Sunday 27A, 4th October 2020

We spoke, on the Sunday before last, of how God’s justice differs from our own, to quote from the New Collegeville Biblical Commentary once again:

In God’s realm, justice . . . does not mean getting what we deserve, either in terms of retribution for wrong doing or recompense for good deeds.

New Collegeville Biblical Commentary

But here, in today’s readings, surely the unjust tenants are getting exactly what they deserve. In the passage from Isaiah these are cast as the inhabitants of Jerusalem and men of Judah and in Matthew’s gospel as the chief priests and elders of the people and Matthew is writing after the destruction of the Temple in Jerusalem when it would seem that both Isaiah’s prophecy and the words of Jesus have been vindicated: the people of Jerusalem and Judah or, at least, some of them, have got what they deserved. This is where we must be very careful in our reading of how God does or doesn’t intervene in history. We like to interpret God’s interventions in a specific, causal way, punishing us when we disobey the commandments and rewarding us when we do as we’re told. But God’s intervention in history isn’t of this nature at all. It’s of a different order altogether: sustaining us in being unless we choose otherwise, unless we choose to act as if this were not so: loving us to an infinite degree unless we choose to believe and act as if this were no longer so. We described it previously as ‘living within an economy of gift’, stepping into the flow of God’s grace or stepping out of it. What the people of Jerusalem and Judah, or some of them in these stories, have done, or are being warned against, is acting as if God’s sustaining love no longer matters. They can ‘go it alone’, deciding for themselves who to favour and not to favour; living as if all is within their own gift and not the gift of God.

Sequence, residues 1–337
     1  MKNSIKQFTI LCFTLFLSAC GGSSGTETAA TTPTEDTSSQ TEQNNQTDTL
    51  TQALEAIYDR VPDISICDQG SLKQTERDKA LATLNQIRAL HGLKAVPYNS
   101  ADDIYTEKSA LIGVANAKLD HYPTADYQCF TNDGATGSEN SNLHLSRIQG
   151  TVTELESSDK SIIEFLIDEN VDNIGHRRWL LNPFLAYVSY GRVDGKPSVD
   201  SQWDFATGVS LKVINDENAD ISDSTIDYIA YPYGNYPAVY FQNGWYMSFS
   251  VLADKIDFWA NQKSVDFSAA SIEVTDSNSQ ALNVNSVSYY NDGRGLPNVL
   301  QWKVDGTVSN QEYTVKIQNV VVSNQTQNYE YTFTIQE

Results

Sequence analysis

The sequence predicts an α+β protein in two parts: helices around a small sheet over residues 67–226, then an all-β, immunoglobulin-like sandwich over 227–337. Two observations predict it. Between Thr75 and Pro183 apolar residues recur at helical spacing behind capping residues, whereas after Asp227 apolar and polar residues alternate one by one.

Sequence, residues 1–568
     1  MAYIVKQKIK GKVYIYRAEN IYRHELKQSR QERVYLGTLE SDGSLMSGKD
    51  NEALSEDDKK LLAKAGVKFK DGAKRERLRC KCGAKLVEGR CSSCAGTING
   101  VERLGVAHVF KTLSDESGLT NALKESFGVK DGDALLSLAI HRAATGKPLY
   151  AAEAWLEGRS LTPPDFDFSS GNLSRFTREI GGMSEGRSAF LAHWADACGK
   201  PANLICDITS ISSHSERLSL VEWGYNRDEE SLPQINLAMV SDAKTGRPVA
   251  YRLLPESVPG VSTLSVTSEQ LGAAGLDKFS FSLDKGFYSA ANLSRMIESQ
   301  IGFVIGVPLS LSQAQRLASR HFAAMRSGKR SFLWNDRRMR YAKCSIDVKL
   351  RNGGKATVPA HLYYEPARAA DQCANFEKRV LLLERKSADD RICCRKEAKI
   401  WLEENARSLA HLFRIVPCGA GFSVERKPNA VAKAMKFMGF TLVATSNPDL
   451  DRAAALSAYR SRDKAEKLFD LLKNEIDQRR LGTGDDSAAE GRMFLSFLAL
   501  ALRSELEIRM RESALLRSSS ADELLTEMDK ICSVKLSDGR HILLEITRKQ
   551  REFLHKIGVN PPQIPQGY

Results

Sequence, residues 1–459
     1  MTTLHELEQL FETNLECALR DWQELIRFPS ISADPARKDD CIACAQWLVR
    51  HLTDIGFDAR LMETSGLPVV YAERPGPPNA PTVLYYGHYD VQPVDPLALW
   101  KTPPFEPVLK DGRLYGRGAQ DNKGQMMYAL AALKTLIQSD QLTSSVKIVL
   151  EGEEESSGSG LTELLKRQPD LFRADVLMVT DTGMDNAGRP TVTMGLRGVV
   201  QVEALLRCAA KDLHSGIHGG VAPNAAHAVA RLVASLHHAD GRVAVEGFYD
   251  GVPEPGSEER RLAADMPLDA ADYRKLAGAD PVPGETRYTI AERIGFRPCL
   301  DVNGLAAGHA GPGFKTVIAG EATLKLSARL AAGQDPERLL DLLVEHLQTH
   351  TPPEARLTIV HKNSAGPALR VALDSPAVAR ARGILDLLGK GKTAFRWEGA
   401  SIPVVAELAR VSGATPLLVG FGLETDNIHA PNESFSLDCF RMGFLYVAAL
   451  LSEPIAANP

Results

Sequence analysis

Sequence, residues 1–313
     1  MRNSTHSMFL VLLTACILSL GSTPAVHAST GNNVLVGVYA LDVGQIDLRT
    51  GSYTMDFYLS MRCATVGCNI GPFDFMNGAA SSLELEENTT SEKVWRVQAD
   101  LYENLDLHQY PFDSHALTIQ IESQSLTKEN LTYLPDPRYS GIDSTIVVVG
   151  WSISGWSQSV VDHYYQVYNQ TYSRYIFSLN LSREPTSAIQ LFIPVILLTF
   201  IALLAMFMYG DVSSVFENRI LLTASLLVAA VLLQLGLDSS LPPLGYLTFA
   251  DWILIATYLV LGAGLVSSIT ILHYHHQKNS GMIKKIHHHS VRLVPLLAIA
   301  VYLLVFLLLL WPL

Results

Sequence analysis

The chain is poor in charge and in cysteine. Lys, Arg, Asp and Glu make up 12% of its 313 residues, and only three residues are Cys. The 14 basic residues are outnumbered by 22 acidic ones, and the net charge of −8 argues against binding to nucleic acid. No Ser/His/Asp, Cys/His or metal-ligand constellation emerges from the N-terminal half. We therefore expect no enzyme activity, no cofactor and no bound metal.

This failing is not confined to the people of Israel; it has a universal reference. This is where Israel becomes a paradigm for us all and why, what happens in Jerusalem even now, matters for the rest of us. What God is defending here is Israel as a light to the nations, and what is important to notice, both in the passage from Isaiah and in the gospel, is that God does not destroy his vineyard but, in Isaiah, simply leaves it to go its own way and, in Matthew, leaves the vineyard to other tenants who will deliver the produce to him when the season arrives. This, too, is a universal dynamic. In Isaiah, the tenants are being allowed to live as if outside God’s economy of gift, that  is as if God withdraws his sustaining grace, and the vineyard becomes a wasteland. Look at what our present greed is doing to the planet! In the gospel, God sends is own son and we crucify him and continue to do so when we follow our own way. This is why Christ is as relevant today as ever for, as God lives, so does his Christ, and our living without reference to Christ and God’s economy of gift, is as absurd now as then. For, ultimately, we cannot kill God or God’s all-sustaining nature. Resurrection is, firstly, not about us and our vain hopes for survival after death, but about the nature of God. God is love and nothing we can do will change that. The invitation is to live as if God matters and so share in this resurrection, this never-ending love, this never-ending life of God.